The Onondaga Historical Association (321 Montgomery St.; 428-1864) is displaying Art Makes Cents, historic artworks and coin banks from the collection of M&T Bank, through Dec. 31.

ArtRage Gallery (505 Hawley Ave.; 218-5711) will present Finding Your Power from Sept. 10 to Nov. 12. The show features paintings by Robert Shetterley, whose portraits depict activists concerned with peace and war, or social justice. They include Fannie Lou Hamer, a civil rights advocate in 1960s Mississippi; Oren Lyons, Onondaga faithkeeper; and Ray McGovern, a longtime CIA analyst turned anti-war demonstrator. The gallery has scheduled several events connected to the exhibit: a Sept. 10 reception at 7 p.m.; a talk with McGovern on Sept. 11, 2 p.m.; and Shetterley discusses his work on Sept. 14, 7 p.m.

Edgewood Gallery (216 Tecumseh Road; 445-8111) is currently displaying Mixed Media through Sept. 23, featuring Terry McMaster’s abstract works, ceramics by Amy Komar and Sheila Roock, Clare Willson’s wall pieces and Arlene Abend’s sculptural pendants. That show will be followed by the Sept. 30 premiere of Diversity, which features Donna Smith’s jewelry and various artworks created by Jim Ridlon, who will be showing prints, paintings, assemblages and wood sculptures.

Associated Artists has scheduled a Sept. 10 opening for its annual juried exhibition at the Manlius Public Library (1 Arkie Albanese Ave.; 682-6400), with a Sept. 18 reception from 2 to 4 p.m.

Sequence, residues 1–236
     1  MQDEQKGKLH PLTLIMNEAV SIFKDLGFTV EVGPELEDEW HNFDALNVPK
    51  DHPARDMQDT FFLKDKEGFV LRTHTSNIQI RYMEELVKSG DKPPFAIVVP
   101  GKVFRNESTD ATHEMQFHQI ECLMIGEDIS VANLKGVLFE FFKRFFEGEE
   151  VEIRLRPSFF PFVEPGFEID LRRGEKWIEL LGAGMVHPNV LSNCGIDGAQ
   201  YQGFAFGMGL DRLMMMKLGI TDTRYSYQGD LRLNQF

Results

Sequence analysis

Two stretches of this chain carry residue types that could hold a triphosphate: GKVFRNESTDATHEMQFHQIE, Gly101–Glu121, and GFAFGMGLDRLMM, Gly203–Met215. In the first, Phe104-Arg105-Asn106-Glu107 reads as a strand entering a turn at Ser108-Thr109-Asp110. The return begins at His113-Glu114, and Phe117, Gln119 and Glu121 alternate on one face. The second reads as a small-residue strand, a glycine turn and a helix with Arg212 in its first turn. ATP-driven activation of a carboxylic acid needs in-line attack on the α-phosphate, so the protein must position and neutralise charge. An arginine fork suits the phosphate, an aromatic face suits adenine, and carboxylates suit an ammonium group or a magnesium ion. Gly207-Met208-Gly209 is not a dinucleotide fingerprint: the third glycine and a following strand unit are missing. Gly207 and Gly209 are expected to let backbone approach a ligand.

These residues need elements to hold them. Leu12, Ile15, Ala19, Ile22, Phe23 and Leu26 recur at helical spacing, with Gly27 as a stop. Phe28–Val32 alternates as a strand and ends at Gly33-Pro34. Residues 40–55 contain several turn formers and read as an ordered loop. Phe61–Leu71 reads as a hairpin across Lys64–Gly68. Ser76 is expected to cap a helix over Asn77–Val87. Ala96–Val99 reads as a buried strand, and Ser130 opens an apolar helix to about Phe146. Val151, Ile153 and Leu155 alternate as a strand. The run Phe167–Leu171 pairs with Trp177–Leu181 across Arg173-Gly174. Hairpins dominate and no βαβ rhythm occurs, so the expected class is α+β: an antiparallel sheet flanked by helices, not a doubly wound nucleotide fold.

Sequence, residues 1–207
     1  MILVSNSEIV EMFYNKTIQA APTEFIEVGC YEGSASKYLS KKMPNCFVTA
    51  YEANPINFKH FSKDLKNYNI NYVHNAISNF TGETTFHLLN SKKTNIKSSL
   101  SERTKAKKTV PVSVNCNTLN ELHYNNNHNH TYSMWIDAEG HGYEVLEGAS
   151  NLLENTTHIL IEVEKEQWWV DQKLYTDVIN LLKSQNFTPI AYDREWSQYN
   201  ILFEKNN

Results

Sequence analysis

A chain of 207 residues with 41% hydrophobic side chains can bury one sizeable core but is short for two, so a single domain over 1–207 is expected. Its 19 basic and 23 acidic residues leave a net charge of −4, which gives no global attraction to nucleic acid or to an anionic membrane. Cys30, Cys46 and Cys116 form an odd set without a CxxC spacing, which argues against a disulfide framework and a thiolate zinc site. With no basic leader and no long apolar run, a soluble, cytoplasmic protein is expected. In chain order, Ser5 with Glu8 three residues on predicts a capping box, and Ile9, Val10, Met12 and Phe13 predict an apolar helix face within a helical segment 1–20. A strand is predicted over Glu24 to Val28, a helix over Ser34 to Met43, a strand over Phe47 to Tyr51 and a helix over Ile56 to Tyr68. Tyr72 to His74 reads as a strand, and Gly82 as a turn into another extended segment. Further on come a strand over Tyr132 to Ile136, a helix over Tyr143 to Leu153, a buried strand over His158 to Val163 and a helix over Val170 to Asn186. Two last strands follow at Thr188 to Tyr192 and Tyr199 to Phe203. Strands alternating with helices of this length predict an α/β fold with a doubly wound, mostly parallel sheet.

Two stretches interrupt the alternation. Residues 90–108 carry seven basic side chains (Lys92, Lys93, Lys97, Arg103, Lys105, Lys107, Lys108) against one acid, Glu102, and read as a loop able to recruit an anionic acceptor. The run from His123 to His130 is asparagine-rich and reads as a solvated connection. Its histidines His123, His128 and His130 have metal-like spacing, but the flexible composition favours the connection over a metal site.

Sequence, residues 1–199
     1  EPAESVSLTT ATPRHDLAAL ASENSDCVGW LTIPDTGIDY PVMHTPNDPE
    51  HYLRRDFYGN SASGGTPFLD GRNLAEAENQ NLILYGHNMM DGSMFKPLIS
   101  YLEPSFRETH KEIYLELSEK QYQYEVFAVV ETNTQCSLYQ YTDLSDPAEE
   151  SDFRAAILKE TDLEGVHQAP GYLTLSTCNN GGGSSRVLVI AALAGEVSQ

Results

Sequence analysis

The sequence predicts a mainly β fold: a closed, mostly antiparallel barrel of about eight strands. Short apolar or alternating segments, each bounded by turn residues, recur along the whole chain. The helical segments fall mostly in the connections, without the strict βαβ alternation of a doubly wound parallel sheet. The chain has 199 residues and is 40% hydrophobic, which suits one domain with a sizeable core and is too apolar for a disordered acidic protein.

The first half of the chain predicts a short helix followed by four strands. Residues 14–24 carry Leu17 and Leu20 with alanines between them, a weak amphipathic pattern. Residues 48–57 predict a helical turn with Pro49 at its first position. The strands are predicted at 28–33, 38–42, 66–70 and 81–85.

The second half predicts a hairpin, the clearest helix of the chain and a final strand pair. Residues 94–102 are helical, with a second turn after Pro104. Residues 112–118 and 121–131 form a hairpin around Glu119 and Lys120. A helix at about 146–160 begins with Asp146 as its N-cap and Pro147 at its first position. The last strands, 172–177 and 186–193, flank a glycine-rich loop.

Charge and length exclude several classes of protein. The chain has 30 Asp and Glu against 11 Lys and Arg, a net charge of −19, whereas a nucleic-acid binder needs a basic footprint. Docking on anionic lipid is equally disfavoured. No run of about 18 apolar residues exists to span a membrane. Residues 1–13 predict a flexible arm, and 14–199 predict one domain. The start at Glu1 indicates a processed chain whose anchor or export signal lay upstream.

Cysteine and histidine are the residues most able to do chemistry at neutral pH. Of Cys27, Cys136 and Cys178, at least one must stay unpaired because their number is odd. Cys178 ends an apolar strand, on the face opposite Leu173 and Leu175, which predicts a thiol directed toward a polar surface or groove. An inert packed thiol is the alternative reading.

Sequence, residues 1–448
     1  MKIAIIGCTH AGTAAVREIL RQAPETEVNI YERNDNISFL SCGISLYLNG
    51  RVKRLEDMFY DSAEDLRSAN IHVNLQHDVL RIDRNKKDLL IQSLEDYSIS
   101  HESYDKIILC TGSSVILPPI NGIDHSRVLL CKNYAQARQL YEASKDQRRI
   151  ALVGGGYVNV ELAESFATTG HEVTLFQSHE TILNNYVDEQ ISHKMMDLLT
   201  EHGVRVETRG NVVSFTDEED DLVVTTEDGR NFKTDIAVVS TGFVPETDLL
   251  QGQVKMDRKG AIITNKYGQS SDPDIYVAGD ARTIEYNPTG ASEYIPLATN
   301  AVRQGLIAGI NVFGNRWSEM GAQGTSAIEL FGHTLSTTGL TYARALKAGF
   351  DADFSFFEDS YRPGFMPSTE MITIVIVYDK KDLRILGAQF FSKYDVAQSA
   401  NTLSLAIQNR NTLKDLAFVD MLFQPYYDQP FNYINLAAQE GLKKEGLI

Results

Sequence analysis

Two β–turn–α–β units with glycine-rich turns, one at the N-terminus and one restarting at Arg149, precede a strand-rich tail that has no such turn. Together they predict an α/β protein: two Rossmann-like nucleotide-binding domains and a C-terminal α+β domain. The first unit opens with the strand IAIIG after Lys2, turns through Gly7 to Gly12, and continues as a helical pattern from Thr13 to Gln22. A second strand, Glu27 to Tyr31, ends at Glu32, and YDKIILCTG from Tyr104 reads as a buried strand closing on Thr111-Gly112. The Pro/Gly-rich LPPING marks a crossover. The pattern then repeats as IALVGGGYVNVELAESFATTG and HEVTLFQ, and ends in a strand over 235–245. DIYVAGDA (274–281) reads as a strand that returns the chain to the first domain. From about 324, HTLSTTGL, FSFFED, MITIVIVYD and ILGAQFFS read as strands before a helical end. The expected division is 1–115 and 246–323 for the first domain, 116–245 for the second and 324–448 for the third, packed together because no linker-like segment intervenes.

The Almighty Cup, a juried show whose participants come from around the country, begins a six-week run on Oct. 1 at the Gandee Gallery (7846 Main St., Fabius; 416-6339). The exhibit focuses on cups as objects of art.

The Schweinfurth Art Center (205 Genesee St., Auburn; 255-1553) has a busy fall schedule. Emerging Artists of Central New York displays works by Rebecca Alosio, Madeline Bartley, Awenheeyoh Powless and Eeva Siivonen. The quartet will be feted at a Sept. 2 reception which begins at 5 p.m. Then on Oct. 29 the gallery opens its signature show Quilts = Arts = Quilts, an international juried exhibition.

On the Syracuse University campus, Light Work Gallery (316 Waverly Ave.; 443-1300) has just opened two exhibitions. A Place Called Home hangs pieces by Todd Gray, who lives and works in Los Angeles and Ghana. He combines and layers images from a diverse portfolio: photos of gang members in LA, documentary photos taken in Ghana, portraits of Michael Jackson, and more.

Also on display is a group exhibition of photos by Central New York artists Marion Wilson, Robert Knight and Lida Suchy, who are winners of the 2016 Light Work grant awards. A reception takes place on Oct. 7, 5 to 7 p.m. Both shows run through Oct. 22.